The Modest Mouse Albums Ranked

Tristan Ettleman
11 min readJul 26, 2021


I really like Modest Mouse. So this may be a strange follow up statement: it was really difficult to listen through the band’s discography. Let me clarify: it was a good, but challenging, experience. That’s because, for a few reasons, I feel there’s a lot of psychic drama going on behind the indie darling’s music, a maelstrom of darkness stemming from frontman Isaac Brock’s lyrics and voice and the band’s unique and eerie sound as a whole. That sound has been tempered by pop instincts in recent years, as often happens to bands that find success and time hit them. Initially, though, Modest Mouse made a name for themselves in an alt rock scene in the mid-1990s that was quickly diversifying from the more specific definition of alt rock from the 1980s. Since then, many members have come and gone from the band, always led by Brock. Formed in 1992, Modest Mouse have released eight albums in the 25 years since their debut record in 1996, releases that have led up to THE GOLDEN CASKET, the impetus for this piece that was released on June 25, 2021. That eight is one number higher than what is often regarded as the “canonical seven,” which I’ll explain in short order. In order to get a full feeling of the Modest Mouse discography, I also listened to the EPs BLUE CADET-3, DO YOU CONNECT? (1994), INTERSTATE 8 (1996), THE FRUIT THAT ATE ITSELF (1997), NIGHT ON THE SUN (1999), EVERYWHERE AND HIS NASTY PARLOUR TRICKS (2001), and NO ONE’S FIRST AND YOU’RE NEXT (2009), as well as the compilation album of B-sides and such, BUILDING NOTHING OUT OF SOMETHING (2000). For the sake of keeping things “tight” to a ranking of the main Modest Mouse releases, they’re not included in the list below. They’re worthy listens, however, and as I intended, they give a fuller picture of the band’s, I should mention, great discography.

#8 — SAD SAPPY SUCKER (2001)

Favorite track: “Four Fingered Fisherman”

Right away I can explain my calculation of eight main Modest Mouse albums, as opposed to the conventional seven: it’s based on SAD SAPPY SUCKER. Often cited as a compilation album of sorts and released in 2001, the record is actually, by my estimation, the band’s fourth, although it was intended to be their first. Modest Mouse’s success through the late ’90s and early 2000s yielded SAD SAPPY SUCKER’s release from the vault, with additional, brief tracks from Brock’s voice machine that he made for a “dial a song” service. In any event, the songs on the album were recorded six or seven years before their official release, making them sound out-of-touch from the place Modest Mouse had reached by this time, or even out-of-touch with the work produced for their first album in 1996. SAD SAPPY SUCKER is certainly an uneven piece, with relatively polished and good tracks like “Four Fingered Fisherman” coming in between raw, almost unfinished songs that grate and then quickly disappear. I mean, it might have to be said, maybe there was a reason why SAD SAPPY SUCKER ultimately wasn’t Modest Mouse’s official debut. Nevertheless, even as the band’s worst album, it’s an intriguing work with some gems to be found, like my aforementioned favorite track, and an overlooked piece of Modest Mouse’s history besides.


Favorite track: “Lampshades on Fire”

As ever, and especially with bands that started out with a lot of indie cred, a group like Modest Mouse has an era that original and “hardcore” fans consider a sellout point. That came maybe a decade or so before STRANGERS TO OURSELVES, but this album does represent a baroque continuation of the more mainstream sound originated on GOOD NEWS FOR PEOPLE WHO LOVE BAD NEWS and WE WERE DEAD BEFORE THE SHIP EVEN SANK. The difference, however, is that STRANGERS TO OURSELVES isn’t great. It’s not so much because of that shift in Modest Mouse’s sound as it is because the tight hooks of the previous albums had shifted into a looser, more shallow instance of the same realm. STRANGERS TO OURSELVES has a few tracks that remind me of the chaotic, dark fun of older Modest Mouse releases, best illustrated by “Lampshades on Fire,” but otherwise it mostly settles into a malaise of Modest Mouse “tropes.” And that’s disappointing, because it came after the biggest gap between the band’s albums to date, a full eight years after WE WERE DEAD BEFORE THE SHIP EVEN SANK. It should be said, however, for all its quality relative to other Modest Mouse albums, STRANGERS TO OURSELVES was still more interesting than much of what was being released in rock music at the time, and it’s still a good listen. It’s just not up to par with almost all of the rest of what Modest Mouse has done. Fun fact: the cover is apparently an aerial photograph of an RV park in Mesa, Arizona, a city I lived in for a few years. Weird choice, weird town.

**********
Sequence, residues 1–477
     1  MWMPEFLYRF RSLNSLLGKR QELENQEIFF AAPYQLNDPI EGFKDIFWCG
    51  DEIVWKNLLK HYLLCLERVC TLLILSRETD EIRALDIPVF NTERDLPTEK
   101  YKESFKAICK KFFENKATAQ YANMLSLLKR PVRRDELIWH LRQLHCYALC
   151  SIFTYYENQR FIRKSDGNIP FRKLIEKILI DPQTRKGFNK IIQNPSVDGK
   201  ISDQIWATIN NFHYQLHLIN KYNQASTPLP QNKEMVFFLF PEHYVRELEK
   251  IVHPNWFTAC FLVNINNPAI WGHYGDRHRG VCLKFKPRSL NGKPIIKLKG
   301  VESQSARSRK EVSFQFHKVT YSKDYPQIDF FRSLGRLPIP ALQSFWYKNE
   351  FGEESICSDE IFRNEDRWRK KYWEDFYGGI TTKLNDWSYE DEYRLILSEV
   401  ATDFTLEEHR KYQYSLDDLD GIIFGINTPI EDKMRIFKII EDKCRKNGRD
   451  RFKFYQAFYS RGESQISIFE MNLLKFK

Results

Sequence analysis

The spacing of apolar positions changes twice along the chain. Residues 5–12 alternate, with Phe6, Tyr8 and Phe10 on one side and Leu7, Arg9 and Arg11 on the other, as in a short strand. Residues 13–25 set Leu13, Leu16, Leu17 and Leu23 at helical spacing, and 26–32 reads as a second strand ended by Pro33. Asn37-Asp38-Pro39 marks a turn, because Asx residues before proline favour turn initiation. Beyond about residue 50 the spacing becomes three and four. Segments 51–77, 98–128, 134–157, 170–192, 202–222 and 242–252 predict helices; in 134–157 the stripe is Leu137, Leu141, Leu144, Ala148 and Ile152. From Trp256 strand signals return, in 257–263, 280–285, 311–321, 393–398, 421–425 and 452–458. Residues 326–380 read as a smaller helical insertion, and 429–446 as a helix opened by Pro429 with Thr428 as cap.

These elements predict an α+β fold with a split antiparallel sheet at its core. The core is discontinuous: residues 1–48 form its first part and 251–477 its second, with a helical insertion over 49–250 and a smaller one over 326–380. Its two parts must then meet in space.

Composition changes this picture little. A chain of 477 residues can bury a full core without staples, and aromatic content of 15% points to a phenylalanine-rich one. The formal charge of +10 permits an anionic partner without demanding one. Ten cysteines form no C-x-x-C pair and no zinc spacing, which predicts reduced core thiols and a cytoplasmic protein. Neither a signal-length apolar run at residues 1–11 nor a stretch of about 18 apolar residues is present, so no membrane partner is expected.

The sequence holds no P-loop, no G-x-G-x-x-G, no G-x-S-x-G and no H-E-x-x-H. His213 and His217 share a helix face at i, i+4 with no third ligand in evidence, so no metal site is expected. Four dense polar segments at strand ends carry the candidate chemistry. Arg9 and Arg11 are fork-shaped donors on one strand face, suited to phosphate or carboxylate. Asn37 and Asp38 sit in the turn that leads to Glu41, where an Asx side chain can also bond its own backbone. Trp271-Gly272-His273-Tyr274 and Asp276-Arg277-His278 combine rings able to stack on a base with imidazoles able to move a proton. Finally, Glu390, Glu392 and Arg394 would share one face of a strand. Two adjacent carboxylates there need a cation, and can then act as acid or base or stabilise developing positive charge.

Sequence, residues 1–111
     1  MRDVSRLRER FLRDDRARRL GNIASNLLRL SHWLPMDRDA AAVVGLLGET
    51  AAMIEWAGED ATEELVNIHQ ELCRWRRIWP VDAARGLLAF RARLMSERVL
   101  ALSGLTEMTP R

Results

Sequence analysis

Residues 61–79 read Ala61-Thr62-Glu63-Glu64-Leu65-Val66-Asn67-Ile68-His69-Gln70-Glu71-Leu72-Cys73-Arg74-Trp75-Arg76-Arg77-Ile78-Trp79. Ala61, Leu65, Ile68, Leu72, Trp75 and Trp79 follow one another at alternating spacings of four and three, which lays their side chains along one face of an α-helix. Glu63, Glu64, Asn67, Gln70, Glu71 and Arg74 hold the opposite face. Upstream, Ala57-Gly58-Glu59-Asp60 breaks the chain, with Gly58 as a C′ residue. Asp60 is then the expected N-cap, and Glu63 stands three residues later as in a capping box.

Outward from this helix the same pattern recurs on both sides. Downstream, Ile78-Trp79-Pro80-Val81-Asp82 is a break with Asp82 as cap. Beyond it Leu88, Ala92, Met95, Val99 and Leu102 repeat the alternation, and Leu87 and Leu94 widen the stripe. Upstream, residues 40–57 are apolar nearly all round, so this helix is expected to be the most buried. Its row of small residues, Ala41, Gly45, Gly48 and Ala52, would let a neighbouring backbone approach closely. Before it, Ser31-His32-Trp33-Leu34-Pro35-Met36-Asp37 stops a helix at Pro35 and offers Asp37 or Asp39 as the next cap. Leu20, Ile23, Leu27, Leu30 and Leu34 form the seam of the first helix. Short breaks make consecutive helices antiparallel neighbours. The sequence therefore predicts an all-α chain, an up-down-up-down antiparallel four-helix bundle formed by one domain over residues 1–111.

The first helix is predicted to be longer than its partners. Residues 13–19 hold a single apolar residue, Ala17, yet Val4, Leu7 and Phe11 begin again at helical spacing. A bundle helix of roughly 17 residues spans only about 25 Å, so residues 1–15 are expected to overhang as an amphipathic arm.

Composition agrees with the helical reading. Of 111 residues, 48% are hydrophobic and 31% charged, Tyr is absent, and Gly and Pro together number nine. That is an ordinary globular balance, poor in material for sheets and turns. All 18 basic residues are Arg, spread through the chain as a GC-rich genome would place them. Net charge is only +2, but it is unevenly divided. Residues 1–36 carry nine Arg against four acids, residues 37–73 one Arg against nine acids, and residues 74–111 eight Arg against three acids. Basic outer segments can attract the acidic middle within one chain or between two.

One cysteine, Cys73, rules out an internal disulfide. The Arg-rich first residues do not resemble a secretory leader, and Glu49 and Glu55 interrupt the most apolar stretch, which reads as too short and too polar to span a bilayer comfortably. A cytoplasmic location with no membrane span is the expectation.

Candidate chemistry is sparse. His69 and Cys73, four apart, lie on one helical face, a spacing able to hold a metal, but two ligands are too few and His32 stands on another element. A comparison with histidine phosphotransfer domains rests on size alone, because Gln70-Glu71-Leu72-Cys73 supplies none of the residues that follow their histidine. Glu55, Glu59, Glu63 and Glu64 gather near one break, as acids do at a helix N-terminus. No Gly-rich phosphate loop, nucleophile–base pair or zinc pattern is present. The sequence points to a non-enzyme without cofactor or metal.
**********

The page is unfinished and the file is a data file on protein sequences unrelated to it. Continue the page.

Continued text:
Favorite track: “Japanese Trees”

THE GOLDEN CASKET is Modest Mouse’s most recent release at the time of this writing, and it continues some of the malaise present on STRANGERS TO OURSELVES. However, this album has a stronger identity than its predecessor thanks to a psychedelic focus, although I think much of Modest Mouse’s work already resided in a surreal otherworld. But songs like “Fuck Your Acid Trip” and the absolutely terrible cover art reminiscent of late ’90s and early 2000s David Bowie records (my gold standard for terrible cover art containing albums from great artists) drive the theme home. THE GOLDEN CASKET also continues a softer, mostly more accessible sound, but as I’ve illustrated time and again with these pieces, that doesn’t always clash with my taste. Often, it is my taste. But with a band like Modest Mouse, it can feel a bit shallow in relation to previous work, and while I wouldn’t say THE GOLDEN CASKET isn’t good, it’s not great either. It’s redeemed somewhat by a stronger presence of that “psychic drama” I’ve mentioned, exemplified by the pounding “Fuck Your Acid Trip” and the dreamier “Japanese Trees.” THE GOLDEN CASKET is a better rock release than most right now, but another low-tier Modest Mouse album in the wake of their great records.


Favorite track: “Dramamine”

But here we already get to the Modest Mouse records that I would qualify as “great.” And that all started with the band’s debut, THIS IS A LONG DRIVE FOR SOMEONE WITH NOTHING TO THINK ABOUT, which also set the precedent for Modest Mouse’s funny, long album titles. Brock’s lyrics, the plaintive sound of his voice, and the backing instrumentals (especially the guitar) have often recalled the haunting desolation of the American Midwest; the “lonesome crowded west,” if you will (which is the name of this album’s follow up). But perhaps more than any other Modest Mouse record, THIS IS A LONG DRIVE… captures the atmosphere of that inclination best, with 16 tracks with extended instrumental breaks spread across a big ol’ 74-minute runtime. It effectively established Modest Mouse’s unique sound, anchored by ghostlike guitar and moody bass, which can be best heard on “Dramamine.” THIS IS A LONG DRIVE… is such an exciting musical realm to reside within, even as it attempts to encapsulate the feeling of, well, a long drive when you have nothing to think about.